Mark Rylance on his everyman role
Oscar-winner Mark Rylance didn’t need to method-act his way into “Dunkirk” and his role as a civilian volunteer who crosses the English Channel in his own boat to rescue stranded soldiers.
Rylance could look to his own extended family — the firefighter cousin, for instance, who rushed into the burning Grenfell Tower on June 14 to rescue stranded residents. And the actor has always immersed himself in the stories of ordinary men who find strength and purpose in helping each other.
Rylance, on that note, was just in Pennsylvania — the town of Homestead this month — to mark the 125th anniversary of a 1892 steelworker uprising pitting striking workers against armed Pinkerton detectives. Rylance, former director of the Globe Theatre in London, is turning the clash into a play.
Last week, he was in London at the British Film Institute for a screening of “Dunkirk” and he invited his rescue-worker cousin to attend.
The film, he said, captures the spirit of such people.
“When people talk about the Second World War, they talk about collective spirit, when the frictions of class broke down. You would see the king and queen come out to a bombing site, and everyone was in it together. We fought and we won because we were in it together. We didn’t separate and splinter, and ‘Dunkirk’ is the most dramatic example of that,” said Rylance, whose character is based on the thousands of civilian boat captains who crossed the channel to rescue stranded British troops — more than 400,000.
“Men were saved by the small, humble actions of many individuals going over and joining with military and helping everyone else, at great risk to their own lives. My father was only 6 years old at the time, but he remembers the sense of unity, he remembers hearing that we got the men back, and he remembers the power of that collective spirit.”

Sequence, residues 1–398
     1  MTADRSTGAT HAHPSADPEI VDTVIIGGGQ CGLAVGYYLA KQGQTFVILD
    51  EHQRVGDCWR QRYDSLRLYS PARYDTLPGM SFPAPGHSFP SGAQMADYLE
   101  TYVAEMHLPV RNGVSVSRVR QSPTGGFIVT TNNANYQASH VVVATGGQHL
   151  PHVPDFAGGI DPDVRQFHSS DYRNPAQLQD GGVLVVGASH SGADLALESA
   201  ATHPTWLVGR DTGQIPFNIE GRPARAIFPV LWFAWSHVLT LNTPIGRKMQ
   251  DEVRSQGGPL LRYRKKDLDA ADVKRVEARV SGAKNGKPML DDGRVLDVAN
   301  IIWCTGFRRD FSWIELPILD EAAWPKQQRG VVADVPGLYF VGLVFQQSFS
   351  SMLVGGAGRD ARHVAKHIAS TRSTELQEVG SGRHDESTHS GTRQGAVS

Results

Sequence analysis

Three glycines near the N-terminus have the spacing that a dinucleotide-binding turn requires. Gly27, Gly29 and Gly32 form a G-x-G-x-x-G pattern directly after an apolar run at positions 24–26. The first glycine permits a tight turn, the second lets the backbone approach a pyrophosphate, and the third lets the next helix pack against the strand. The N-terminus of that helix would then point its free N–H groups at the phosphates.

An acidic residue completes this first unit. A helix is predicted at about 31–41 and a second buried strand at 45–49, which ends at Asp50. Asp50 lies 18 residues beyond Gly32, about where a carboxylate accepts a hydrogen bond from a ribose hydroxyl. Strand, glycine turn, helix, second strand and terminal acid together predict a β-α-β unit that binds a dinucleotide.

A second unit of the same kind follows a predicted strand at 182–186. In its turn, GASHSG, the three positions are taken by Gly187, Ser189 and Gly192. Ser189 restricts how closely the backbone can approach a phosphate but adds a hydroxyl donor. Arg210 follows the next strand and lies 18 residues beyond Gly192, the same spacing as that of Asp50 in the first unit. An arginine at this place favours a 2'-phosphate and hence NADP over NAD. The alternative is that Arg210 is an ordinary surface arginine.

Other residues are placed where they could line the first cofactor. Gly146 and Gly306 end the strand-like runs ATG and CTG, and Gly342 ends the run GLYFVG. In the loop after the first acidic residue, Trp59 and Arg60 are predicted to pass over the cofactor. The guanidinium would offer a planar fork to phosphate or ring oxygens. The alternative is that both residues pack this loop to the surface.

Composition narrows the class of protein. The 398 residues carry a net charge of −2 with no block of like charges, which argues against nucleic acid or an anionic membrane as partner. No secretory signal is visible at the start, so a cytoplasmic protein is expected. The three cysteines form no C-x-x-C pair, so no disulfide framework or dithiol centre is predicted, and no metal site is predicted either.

For every recent act of terror, he said, there is another example of common folks responding with uncommon courage.
“The bravery of civilians who stood up to those who were attacking people with knives in London. The policeman who held off three of them with just a truncheon,” he said. “Because this film is a rescue story, it’s going to touch that nerve.”
Rylance has long been regarded as one of the world’s great stage actors, but didn’t really find a defining on-camera role until his star turn in BBC’s “Wolf Hall.” That led to his role as a Soviet agent in Steven Spielberg’s “Bridge of Spies” and to an Oscar for best supporting actor.
Mark Rylance pilots his wooden boat across the English Channel to rescue trapped soldiers.